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British comedy critic Kate Copstick attacked in Kenya by 17 men while public & police look on and do nothing

(A version of this piece was published on the Indian news site WSN)

Copstick (in blue) at Mama Biashara project

Copstick (in blue) at Mama Biashara project

Yesterday, my blog continued the saga of comedy critic Kate Copstick’s recent visit to Kenya, where she has been running her Mama Biashara charity since 2008.

This time, her trip coincided with the terrorist attack on the Westgate Shopping Mall in Nairobi. So far, she has been stopped by the police, had £800 stolen and been stalked by gunmen. Because of the perceived danger elsewhere, she and helper Doris decide to hold Mama Biashara meetings at Nakumatt Junction – Nakumatt being Kenya’s biggest chain of quite posh supermarkets. Copstick tells Doris:

We’ll meet there, because they’ve got guards and a huge car park and we’re not going to get held up, unless it’s terrorists who just blow the whole place up. It’s as safe as Westgate… It’s as safe as Westgate…

“So,” Copstick told me, “I was on my way to meet Doris at Nakumatt Junction and there’s a thing called the Nairobi Show – it’s part trade fair, part industry fair, part fairground – and everybody goes, including every petty criminal in the Nairobi area.

“When I was leaving my tiny slum palace, it was chucking-out time at the Nairobi Show, which is a bit like Millwall, Arsenal and QPR all chucking-out of the same football ground at the same time. So I had my bag strapped round me and my bum bag under my coat.

“After I took my law degree in Scotland, I nearly did a PhD in something called Victimology which says that, in the case of an apparently motiveless crime – if someone just walks down the street and is horribly attacked – there is something about the victim that attracts the criminal. Not anything conscious but in the same way that, if you get on the back of a horse, a horse will know if you’re terrified and it will do crazy things with you…

“I’ve never been scared in Kenya.

“I was really upset by the theft of the money. I was mildly un-nerved that armed gunmen were roaming Dagoretti Corner with a view to robbing me. And I’d never really experienced anything like the crowds that were in Dagoretti Corner as I walked down. All the time – every two minutes – there were young guys making pincer movements, one on either side of me – Hey! Hello shosho!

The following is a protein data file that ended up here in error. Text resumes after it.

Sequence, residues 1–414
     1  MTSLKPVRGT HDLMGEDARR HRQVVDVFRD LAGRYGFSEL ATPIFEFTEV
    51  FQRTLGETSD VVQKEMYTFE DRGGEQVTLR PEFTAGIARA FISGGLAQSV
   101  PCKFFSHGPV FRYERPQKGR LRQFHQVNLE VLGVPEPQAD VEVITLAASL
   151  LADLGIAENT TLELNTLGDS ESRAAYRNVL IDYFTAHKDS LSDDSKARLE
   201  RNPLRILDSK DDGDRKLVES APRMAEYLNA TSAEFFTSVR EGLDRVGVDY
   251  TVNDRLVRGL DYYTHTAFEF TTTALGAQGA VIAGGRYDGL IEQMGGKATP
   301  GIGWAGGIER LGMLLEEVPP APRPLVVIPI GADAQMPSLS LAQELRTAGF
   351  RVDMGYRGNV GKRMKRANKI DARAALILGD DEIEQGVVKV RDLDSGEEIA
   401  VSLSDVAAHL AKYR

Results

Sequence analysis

“No, no. Get off! I know you’re all thieves! Get off! Get off!

“The longer I walked, the more nervous I got. I had my bag strapped over my body and I was clutching it and was quite scared by the time I got down to a traffic island where the major junction is. I was thinking: I just want this to stop! I should never have come out! I just want this to stop!

“I’ve never ever felt like that in Kenya before.

Nakumatt Junction, where Copstick was attacked, in Nairobi

Nakumatt Junction, in Nairobi, where Copstick was attacked

“It’s a big traffic island with grass and little hedges, so I thought I’d walk across it because it was low and everyone could see it and there were no little dark corners. If I went round the traffic island, I would have been going off into the dark where there are ditches and all kinds of stuff.

“So I started to cross the traffic island and suddenly behind me there was like a herd of young guys in their late teens or early 20s – there were maybe seventeen or eighteen of them plus one very big guy. They weren’t scruffy. They were well-dressed in sportswear. And I just thought: Fuck!

“I stopped walking and I thought I’ll go back but, as I stopped walking, the big guy looked straight at me and I thought Game over.

“…because I knew I looked pathetic, scared and – to be honest – I did not look athletic, like I could suddenly turn on my heels and run.

“Then it was like a cartoon. You know like Roadrunner is there and suddenly – Whooooshh! – he’s here beside you? Like a streak of light. It was like that and this big guy knocked me back through a hedge and had his knee on my chest and had what I thought was a gun barrel pressing into my stomach. Now I think maybe it was his forefinger and middle finger poking into my solar plexus.